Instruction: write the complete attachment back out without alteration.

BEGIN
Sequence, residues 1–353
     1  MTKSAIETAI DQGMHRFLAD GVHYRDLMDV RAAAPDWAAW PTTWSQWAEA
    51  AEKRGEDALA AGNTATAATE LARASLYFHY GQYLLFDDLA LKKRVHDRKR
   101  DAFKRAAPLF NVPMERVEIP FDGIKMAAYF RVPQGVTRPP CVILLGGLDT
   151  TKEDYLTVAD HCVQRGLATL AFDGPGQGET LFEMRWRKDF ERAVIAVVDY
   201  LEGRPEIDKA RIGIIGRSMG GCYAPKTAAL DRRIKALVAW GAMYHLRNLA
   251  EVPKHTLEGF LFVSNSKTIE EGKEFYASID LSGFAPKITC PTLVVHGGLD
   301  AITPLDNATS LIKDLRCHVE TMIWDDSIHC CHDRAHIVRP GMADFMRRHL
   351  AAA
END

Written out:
Sequence, residues 1–353
     1  MTKSAIETAI DQGMHRFLAD GVHYRDLMDV RAAAPDWAAW PTTWSQWAEA
    51  AEKRGEDALA AGNTATAATE LARASLYFHY GQYLLFDDLA LKKRVHDRKR
   101  DAFKRAAPLF NVPMERVEIP FDGIKMAAYF RVPQGVTRPP CVILLGGLDT
   151  TKEDYLTVAD HCVQRGLATL AFDGPGQGET LFEMRWRKDF ERAVIAVVDY
   201  LEGRPEIDKA RIGIIGRSMG GCYAPKTAAL DRRIKALVAW GAMYHLRNLA
   251  EVPKHTLEGF LFVSNSKTIE EGKEFYASID LSGFAPKITC PTLVVHGGLD
   301  AITPLDNATS LIKDLRCHVE TMIWDDSIHC CHDRAHIVRP GMADFMRRHL
   351  AAA